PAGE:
The largest U.S. conglomerate reported earnings on Friday that beat expectations despite a drop in revenue that was more dramatic than Wall Street had predicted. Those earnings reflected the pay-off from major cost-cutting over the past year, a greater reliance on the high-margin service business but also a sharp drop in the company's tax rate.

Thanks to higher loss provisions at the company's hefty GE Capital finance arm, the company's tax rate fell to 7 percent from 16 percent a year ago, a change that helped the bottom line, but which some investors consider a sign of poor "earnings quality."

While companies across the economy are cutting jobs, closing facilities and looking for any other ways to bring costs in line with falling revenue, some investors note there is a limit to how long companies can rely on belt-tightening to hold up their profits.

"It's not sustainable," said Peter Klein, senior portfolio manager at Fifth Third Asset Management, which owns GE shares. "The story of the second quarter is that a lot of companies are reporting better- than-expected earnings, but it's coming all through the middle."

American International Group Inc.’s trading partners may force the insurer to bear the risk of losses on corporate loans and mortgages for years beyond the company’s expectations, complicating U.S. efforts to stabilize the firm, analysts said.

European banks including Societe Generale SA and BNP Paribas SA hold almost $200 billion in guarantees sold by New York-based AIG allowing the lenders to reduce the capital required for loss reserves. The firms may keep the contracts to hedge against declining assets rather than canceling them as AIG said it expects the banks to do, according to David Havens, managing director at investment bank Hexagon Securities LLC.

“For counterparties to voluntarily terminate those contracts makes no sense,” Havens said in an interview. “There’s no question that asset values have soured on a global basis. With the faith and credit of the U.S. government backing those guarantees, why would they give that up?”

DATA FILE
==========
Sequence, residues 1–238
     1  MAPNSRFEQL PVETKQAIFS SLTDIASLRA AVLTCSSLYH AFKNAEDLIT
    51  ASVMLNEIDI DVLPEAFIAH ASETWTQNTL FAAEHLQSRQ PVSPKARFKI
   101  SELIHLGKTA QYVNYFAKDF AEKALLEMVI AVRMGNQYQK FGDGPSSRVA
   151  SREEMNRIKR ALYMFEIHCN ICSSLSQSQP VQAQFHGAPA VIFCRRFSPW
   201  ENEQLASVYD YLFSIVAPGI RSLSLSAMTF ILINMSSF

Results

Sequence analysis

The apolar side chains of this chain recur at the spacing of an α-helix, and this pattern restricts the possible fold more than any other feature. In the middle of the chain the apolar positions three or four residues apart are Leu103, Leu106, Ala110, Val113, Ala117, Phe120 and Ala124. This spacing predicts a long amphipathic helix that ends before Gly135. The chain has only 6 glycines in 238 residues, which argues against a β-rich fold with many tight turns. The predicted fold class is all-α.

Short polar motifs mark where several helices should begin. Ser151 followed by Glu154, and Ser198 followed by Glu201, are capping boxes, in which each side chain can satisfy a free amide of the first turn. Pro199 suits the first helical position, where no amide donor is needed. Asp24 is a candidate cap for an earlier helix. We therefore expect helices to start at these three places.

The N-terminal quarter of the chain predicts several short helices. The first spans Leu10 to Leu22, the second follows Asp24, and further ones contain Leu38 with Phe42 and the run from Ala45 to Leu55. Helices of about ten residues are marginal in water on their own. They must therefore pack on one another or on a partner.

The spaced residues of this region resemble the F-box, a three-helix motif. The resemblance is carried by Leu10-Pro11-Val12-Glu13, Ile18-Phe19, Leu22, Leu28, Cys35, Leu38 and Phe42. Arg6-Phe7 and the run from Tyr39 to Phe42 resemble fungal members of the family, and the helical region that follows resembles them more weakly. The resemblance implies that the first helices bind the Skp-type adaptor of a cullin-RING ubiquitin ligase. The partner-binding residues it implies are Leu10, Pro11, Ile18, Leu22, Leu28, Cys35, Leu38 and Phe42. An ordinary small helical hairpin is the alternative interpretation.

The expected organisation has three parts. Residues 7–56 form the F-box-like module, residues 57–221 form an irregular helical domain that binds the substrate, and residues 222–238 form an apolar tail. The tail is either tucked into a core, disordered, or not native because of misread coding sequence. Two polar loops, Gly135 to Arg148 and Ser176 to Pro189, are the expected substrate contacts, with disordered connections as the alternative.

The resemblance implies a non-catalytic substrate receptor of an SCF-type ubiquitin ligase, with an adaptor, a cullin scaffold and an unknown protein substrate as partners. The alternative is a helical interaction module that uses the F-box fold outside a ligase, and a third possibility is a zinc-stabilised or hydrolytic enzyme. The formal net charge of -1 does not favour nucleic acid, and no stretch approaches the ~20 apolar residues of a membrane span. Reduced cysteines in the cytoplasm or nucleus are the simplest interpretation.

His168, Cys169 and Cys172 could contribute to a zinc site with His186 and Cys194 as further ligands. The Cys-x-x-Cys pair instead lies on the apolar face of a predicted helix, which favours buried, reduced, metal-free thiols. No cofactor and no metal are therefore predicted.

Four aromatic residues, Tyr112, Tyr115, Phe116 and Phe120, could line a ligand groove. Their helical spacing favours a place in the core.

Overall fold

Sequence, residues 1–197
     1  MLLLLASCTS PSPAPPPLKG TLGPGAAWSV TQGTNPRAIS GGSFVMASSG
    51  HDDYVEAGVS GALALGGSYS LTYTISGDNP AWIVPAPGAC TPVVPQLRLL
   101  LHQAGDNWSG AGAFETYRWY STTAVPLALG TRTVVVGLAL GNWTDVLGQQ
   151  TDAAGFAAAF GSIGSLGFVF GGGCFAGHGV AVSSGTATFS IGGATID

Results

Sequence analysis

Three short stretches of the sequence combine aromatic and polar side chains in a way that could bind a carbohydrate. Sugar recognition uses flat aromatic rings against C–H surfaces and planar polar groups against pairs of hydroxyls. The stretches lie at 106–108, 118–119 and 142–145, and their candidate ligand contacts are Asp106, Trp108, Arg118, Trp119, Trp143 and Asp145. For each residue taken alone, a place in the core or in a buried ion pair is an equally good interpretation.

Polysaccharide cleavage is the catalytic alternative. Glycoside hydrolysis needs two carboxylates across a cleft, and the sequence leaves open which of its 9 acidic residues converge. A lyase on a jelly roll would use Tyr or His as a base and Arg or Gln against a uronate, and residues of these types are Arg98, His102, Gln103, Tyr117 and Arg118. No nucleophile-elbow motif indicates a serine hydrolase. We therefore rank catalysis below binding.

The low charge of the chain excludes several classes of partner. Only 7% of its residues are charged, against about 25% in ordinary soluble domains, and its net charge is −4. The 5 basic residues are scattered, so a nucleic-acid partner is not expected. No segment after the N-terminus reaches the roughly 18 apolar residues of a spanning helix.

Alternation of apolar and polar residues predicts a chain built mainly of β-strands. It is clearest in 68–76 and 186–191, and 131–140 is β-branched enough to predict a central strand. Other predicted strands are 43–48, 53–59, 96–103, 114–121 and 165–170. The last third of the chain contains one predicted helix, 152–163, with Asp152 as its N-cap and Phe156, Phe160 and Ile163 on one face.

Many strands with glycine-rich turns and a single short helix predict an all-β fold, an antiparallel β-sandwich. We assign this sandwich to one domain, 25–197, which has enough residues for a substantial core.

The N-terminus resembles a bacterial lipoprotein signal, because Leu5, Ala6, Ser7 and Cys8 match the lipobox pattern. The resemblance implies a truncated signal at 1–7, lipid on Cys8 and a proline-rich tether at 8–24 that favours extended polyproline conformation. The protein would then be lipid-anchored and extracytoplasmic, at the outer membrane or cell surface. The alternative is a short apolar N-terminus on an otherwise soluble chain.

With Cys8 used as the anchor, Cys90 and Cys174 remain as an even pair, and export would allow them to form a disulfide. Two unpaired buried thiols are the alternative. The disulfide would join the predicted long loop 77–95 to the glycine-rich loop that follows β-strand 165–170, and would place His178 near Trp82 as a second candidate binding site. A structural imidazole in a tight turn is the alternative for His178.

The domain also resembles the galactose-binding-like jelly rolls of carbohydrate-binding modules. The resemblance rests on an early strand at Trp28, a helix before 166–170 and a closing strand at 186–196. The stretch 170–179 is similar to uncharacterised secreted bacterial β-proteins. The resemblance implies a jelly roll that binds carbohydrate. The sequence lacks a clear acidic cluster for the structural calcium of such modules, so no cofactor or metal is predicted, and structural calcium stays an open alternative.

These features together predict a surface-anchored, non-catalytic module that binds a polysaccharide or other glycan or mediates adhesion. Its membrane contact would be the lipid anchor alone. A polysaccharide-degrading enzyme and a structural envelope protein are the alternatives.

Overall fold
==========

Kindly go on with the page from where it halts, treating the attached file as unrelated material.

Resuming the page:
Gov. Ed Rendell has urged legislators to pass a bill to extend benefits.

Gov. Ed Rendell said 17,800 Pennsylvanians exhausted their jobless benefits in the week that ended Saturday, the first big wave of Pennsylvanians to do so. He urged legislators to pass a bill to extend the benefits.

Around the country, the number of people exhausting their benefits is piling up. By the end of September, more than 500,000 people will exhaust their benefits checks, with the biggest groups in Pennsylvania, California and Texas, according to estimates by the National Employment Ladvocacy group for low-wage workers based in New York City.

The Coming Great Government Debt Default

Reading - The Coming Great Government Debt Default http://www.marketoracle.co....

Gary North writes: Have you ever heard this argument? "The national debt is too high. We are laying an enormous burden onto our children."

It is misleading. In what way? Because our children, like Atlas in Ayn Rand's novel, will shrug. They will send Congress a message: "No more."

Congress always responds to immediate threats regarding future sanctions. Whenever Congress thinks the voters will remember a vote at the next election, and will probably impose negative sanctions on incumbents, Congress always sees the light. "When we feel the heat, we see the light" said Senator Everett Dirksen a generation ago. His observation still holds true.

Our children are not going to pay off the suckers – us – who naïvely thought they could pass on the Old Maid of government debt to them.

Here is economic reality. Taxpayers and Treasury debt buyers are paying for all of the benefits that voters enjoy as recipients of government-funded programs. Voters are not transferring these costs to future generations. Costs are inescapably the same as benefits. If we receive present benefits, someone pays for these benefits in the present. The only questions are these: Who Wins? Who loses? How soon?

Economists despair about their inability to get across this simple idea: we consume only present goods.

Economics students nod their heads in agreement with the professor. "Yes, yes; we know that." But they don't know it. As soon as they start to vote, they forget.


When you catch your child with his hand in the cookie jar, you can be certain of one thing: he is after a present cookie. You can also be sure of something else: he does not intend to replace that cookie. He is driven by the desire for present gratification.

When you think of "child with its hand in the cookie jar" think "Congress." The difference is, a child will not respond to being caught with these words:

"This is in the best interests of the nation."
"We are acting as an agent of the People."
"Everyone deserves a fair share."
"We owe it to ourselves."
"We promise to replace this cookie with two cookies of equal or greater value in ten years."
Think of national economic production as a cookie factory.

People are employed to produce cookies. They eat cookies, but they also make cookies.

If they made no cookies, could they eat cookies? Only those cookies already in the cookie jar.

If, because of a war, the government tells the public that from now on, "we must support the troops," this means that those at work in the cookie factory must send cookies to the troops. The troops will be consuming cookies. They will not be producing cookies.